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You might want to contact the county assessor's office and see what the properties assessed value is. The property has been listed for 249 days according to Coldwell Banker https://www.coldwellbankerhomes.com/pa/arnold/0-14th-st-and-horne-blvd/pid_30756493/ the listing price started out at $159,000 and now it’s down to $130,000 on the agent’s web site. But you’re saying its $90,000 now, that’s a huge decrease. Have you contacted the real-estate agent requesting the financials, bank deposits, water bills, power bills, tax records, etc? If they can’t or won’t produce those financials then it doesn’t pass the smell test. Don't ever believe anything that a real-estate agent tells you.
 

Msaxonii

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Make sure whatever you do for improvements starts with making sure equipment is all working properly. Have a old classmate that purchased a 5 bay with an IBA and instead of investing his money in the equipment he started hiring people to paint the wash bays and adding a stereo system to the bay and vacuum area amongst other cosmetic expenses. Meanwhile his TDS was 300, water hardness at 23 and 2 of the 5 bays had 600-700 psi for high pressure.
Another thing is learn how the equipment works and make all the repairs you can, call a service company in to make the repairs for you will eat into your profits real quick.
Definitely. My wife asked me last night how long I thought it would be until seeing a profit and I had to ask her if she meant profit or being able to take money out. I told her I wouldn't expect to be comfortable with taking anything out for probably at least 3 years. I figure everything above costs would be going right back in. My two prong recovery approach would focus on revenue growth opportunities and operating expenses reductions.

I'd like a Weep Miser style system after the summer season to prepare for winter. Cryptopay looks like something that none of the places local have and think that makes it something that would allow higher capture rates, even if I just set up for one bag and vacuum and add on from there. The car wash across the bridge has SS at $2 for 4.5 minutes, but they also offer an Air Shammy system.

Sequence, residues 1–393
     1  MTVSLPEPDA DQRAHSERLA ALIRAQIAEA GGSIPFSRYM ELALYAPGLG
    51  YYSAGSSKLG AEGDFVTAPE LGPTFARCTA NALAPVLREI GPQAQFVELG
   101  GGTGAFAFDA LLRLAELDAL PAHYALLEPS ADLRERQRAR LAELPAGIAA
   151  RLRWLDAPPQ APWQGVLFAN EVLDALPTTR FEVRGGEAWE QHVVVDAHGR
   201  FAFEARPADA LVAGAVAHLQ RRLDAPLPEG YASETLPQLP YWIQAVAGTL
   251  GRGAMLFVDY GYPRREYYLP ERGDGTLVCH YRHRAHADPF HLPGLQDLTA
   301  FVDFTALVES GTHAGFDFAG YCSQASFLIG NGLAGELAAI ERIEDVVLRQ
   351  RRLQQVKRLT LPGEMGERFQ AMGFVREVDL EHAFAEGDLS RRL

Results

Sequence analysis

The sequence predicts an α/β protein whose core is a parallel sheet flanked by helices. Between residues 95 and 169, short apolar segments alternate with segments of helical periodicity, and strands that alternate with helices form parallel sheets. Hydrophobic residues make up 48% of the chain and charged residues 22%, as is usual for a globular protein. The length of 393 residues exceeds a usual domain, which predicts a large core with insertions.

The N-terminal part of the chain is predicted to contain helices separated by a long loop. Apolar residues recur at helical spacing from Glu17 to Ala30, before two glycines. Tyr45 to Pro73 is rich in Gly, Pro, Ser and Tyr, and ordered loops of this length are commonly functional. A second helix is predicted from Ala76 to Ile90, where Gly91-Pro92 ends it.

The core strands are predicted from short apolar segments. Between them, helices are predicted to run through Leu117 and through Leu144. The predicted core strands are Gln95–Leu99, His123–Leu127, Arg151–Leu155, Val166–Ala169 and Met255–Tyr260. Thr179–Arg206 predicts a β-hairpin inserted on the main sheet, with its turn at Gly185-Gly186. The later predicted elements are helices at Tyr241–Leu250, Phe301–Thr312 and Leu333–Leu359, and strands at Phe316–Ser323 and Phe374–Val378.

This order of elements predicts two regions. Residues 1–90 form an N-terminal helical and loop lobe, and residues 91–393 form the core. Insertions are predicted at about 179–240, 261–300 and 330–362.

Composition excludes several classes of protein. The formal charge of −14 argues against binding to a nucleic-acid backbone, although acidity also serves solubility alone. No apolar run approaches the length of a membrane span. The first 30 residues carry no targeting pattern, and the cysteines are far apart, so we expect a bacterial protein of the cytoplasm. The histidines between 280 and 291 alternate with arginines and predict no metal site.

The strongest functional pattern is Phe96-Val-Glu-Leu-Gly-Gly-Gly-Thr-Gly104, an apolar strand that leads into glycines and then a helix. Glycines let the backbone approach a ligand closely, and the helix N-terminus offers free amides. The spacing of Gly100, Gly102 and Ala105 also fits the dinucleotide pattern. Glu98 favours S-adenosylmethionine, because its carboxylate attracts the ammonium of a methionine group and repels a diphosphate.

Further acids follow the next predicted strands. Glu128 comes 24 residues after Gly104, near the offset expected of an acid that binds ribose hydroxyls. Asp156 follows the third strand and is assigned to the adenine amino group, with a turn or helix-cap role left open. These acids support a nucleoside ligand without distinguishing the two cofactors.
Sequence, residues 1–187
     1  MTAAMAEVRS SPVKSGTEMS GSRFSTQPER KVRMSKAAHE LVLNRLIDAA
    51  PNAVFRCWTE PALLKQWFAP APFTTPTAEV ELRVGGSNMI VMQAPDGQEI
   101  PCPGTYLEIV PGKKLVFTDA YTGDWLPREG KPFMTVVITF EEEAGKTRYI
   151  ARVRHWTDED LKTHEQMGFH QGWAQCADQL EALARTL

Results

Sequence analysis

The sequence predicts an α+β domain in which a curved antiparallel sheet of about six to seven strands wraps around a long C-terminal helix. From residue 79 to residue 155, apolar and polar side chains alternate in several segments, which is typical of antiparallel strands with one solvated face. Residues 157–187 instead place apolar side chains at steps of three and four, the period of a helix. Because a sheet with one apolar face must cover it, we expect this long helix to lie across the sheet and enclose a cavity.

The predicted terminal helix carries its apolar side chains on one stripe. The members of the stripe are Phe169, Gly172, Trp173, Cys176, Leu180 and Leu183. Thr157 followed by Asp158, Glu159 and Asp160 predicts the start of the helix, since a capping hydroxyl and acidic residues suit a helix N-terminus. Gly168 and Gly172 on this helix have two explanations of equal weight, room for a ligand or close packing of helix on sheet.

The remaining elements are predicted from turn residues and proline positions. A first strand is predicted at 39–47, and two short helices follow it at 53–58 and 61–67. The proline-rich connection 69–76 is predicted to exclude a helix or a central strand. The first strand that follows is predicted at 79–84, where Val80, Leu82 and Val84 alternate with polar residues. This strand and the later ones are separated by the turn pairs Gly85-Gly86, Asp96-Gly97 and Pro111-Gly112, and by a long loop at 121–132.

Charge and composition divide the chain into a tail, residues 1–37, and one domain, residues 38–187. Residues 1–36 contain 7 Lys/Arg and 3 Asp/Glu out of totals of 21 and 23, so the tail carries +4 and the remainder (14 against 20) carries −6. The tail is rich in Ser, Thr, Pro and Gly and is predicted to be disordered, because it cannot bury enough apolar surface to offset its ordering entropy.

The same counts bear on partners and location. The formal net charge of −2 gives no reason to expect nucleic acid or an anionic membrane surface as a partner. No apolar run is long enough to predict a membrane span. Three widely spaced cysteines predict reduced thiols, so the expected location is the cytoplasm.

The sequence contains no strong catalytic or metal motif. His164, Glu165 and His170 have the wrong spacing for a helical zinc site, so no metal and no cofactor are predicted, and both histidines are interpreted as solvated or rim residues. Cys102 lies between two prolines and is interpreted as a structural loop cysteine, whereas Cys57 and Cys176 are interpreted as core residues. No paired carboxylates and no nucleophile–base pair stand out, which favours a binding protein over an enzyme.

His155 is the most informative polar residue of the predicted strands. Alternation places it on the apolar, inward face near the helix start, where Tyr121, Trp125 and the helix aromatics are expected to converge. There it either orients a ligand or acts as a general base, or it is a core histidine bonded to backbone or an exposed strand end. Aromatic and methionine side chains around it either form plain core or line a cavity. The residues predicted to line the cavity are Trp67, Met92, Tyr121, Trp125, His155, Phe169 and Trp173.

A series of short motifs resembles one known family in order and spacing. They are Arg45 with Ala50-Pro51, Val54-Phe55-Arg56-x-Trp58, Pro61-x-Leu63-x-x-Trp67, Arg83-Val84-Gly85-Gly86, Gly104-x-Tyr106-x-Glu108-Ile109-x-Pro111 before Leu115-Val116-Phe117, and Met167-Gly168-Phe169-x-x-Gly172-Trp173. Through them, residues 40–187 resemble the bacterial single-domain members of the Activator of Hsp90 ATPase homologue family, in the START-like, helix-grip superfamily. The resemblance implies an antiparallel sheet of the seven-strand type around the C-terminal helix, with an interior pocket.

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If you only add credit card to 1 bay or vac don't get discouraged by the low sales. You will add the credit to the closest bay to the mechanical room which will be the bay that get used the most. When we first tried credit several years ago we only added it to 2 bays at some of our locations and were disappointed with the result. But it was the 2 busiest bays so when people were using quarters the bay was tied up for customer who could potentially want to use credit. Now we are adding credit to all bays as we upgrade each site and see a tremendous difference in credit usage when all bays have credit vs just a few.
 

MEP001

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I had the same problem years ago when we first added CC acceptance. We only did two bays to start, and on a lot of days we'd have a line behind the CC bays with other bays empty. Cryptopay is so affordable per bay that if you're going to bother with internet and the coordinator you might as well do all the bays.
 

Msaxonii

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Without funds to solidly invest, I'm more looking to be cycle the funds back in to improvements as fast as the bills get paid to minimize outside expenditure.

I'm not sure of timer settings now. Looking at three other self serves, I think I can go to $1.75 for 3 minutes off the bat and vacuums to $1 for the same. The successful wash I looked at is $2 for 4.5 minutes, but they also have an Air Shammy system. Oil change and light mechanical place is $1 for 2 minutes, but access in and out of this one is a lot easier than theirs. I found one other wash in the vicinity when I went to look at the distributor that set the equipment up here. It was originally the same style, but he closed off a couple bays for storage, and converted one bay to a Southern Pride automatic, maybe. Picture attached. Automatic starts at $4, no air dry, and his ss is still $1.25. None of the locations I scouted accept CC for SS.

I also think that for internet purposes, if there's not anything there, I might be able to do wifi extenders to run off my home internet. I'm not sure of this route completely, but might be a cost savings possibility.